ALERTLarkin Street will be closed to traffic in front of the museum on Sunday, Aug 20 for Sunday Streets
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Asian Art Museum Presents New Video Art to commemorate 75th Anniversary of Japanese Incarceration during WWII

From Feb. 19 – Feb. 26, 2017, the Asian Art Museum will screen  When Rabbit Left the Moon, a video elegy by award-winning filmmaker Emiko Omori
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Film Still, from When Rabbit Left the Moon
San Francisco, February 1— Vintage family photos and black and white home movies crowded with joyful picnics, seaside fun, prosperous storefronts, tidy homes: the typical California dream. This dream was uprooted by the signing of Executive Order 9066 in 1942, which resulted in the incarceration of 120,000 American Japanese during WWII. From Feb. 19 – Feb. 26, 2017, the Asian Art Museum will screen  When Rabbit Left the Moon, a video elegy by award-winning filmmaker Emiko Omori to commemorate the 75th  anniversary of this dark chapter in American history — a chapter with lessons that continue to resonate today.

Omori experienced the devastating effects of forced relocation herself when she was transported to the Poston War Relocation Center in Arizona as a child. Her new work draws in part on the archival imagery of the Japanese American concentration camps first used in her award-winning 1999 documentary Rabbit in the Moon. For this year’s important milestone, Omori has crafted an original visual “poem” that will play during the weeklong anniversary as a short film in a special museum gallery, complete with additional information about Executive Order 9066, its affects, and its afterlife.

Omori describes When Rabbit Left the Moon as “an homage to the generation of my parents, the Issei [first generation], to the vibrant prewar American Japanese community that never recovered from that violation, to the hopes and dreams that were torn away, and to the legacy of suffering that haunts us. Sorting this out has taken me a long time — almost 75 years.”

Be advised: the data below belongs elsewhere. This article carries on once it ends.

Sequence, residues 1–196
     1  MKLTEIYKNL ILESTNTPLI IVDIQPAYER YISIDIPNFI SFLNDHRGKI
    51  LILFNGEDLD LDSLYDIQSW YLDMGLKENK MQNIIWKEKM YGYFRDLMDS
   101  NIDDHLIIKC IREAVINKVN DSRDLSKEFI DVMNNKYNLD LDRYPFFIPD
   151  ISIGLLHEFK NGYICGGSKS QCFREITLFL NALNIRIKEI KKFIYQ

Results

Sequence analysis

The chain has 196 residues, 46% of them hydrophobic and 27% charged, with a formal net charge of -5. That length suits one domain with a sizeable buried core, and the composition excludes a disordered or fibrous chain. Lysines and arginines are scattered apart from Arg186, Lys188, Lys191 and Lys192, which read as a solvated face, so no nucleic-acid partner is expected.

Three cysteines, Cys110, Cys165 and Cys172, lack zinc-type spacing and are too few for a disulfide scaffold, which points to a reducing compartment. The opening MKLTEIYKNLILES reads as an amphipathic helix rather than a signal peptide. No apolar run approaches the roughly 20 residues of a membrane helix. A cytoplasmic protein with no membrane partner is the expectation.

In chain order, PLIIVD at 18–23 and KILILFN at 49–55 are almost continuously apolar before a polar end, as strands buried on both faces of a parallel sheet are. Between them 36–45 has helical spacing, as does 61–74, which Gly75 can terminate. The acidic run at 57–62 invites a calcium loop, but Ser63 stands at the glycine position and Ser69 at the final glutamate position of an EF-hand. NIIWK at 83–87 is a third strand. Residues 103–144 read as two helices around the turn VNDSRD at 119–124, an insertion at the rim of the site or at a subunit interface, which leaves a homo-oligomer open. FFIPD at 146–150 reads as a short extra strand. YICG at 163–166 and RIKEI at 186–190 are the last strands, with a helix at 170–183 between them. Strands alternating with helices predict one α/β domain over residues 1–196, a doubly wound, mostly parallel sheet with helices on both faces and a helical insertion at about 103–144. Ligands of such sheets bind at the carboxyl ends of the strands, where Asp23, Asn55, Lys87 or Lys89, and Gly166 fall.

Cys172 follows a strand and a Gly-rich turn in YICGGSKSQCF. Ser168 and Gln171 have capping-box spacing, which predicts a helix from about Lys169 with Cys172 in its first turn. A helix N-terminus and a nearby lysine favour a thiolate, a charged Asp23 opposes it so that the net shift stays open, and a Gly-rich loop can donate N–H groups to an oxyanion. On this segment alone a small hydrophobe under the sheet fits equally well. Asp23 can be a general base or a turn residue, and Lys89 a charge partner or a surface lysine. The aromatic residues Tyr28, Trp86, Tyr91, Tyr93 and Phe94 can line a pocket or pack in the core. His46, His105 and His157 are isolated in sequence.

Panel Program Finds Connections with Today  

Artist Emiko Omori will also appear for a dedicated panel discussion with fellow
interned American Japanese on Saturday, Feb. 25 from 1-3PM  at the museum. Participants include Omori's sister Chizu Omori, psychiatrist Satsuki Ina, and artist Masako Takahashi. Moderated by Asian Art Museum deputy director for arts and programs Rob Mintz, the panel is an opportunity for participants to share thoughts on what their experiences, and the prejudices they faced, offer all Americans today.

About the Asian Art Museum  

The Asian Art Museum–Chong-Moon Lee Center for Asian Art and Culture is one of
San Francisco's premier arts institutions and home to a world-renowned collection of more than 18,000 Asian art treasures from throughout Asia spanning 6,000 years of history. Through rich art experiences, centered on historic and contemporary artworks, the Asian Art Museum unlocks the past for visitors, bringing it to life while serving as a catalyst for new art, new creativity and new thinking.

Information: 415.581.3500 or www.asianart.org


Location: 200 Larkin Street, San Francisco, CA 94102


Hours: The museum is open Tuesdays through Sundays from 10 AM to 5 PM. Hours are
extended on Thursdays until 9 PM through September. Closed Mondays, as well as New Year’s Day, Thanksgiving Day and Christmas Day.

General Admission: FREE for museum members, $15 for adults, $10 for seniors (65+),
college students with ID, and youth (13–17). FREE for children under 12 and SFUSD students with ID. General admission is FREE to all on Target First Free Sundays (the first Sunday of every month). On Thursday evenings, Feb.23 - Sep.28, 2017, 5-9 PM, $10 general admission.

Access: The Asian Art Museum is wheelchair accessible. For more information
regarding access: 415.581.3598; TDD:415.861.2035.  

www.asianart.org

Never miss a moment: @asianartmuseum


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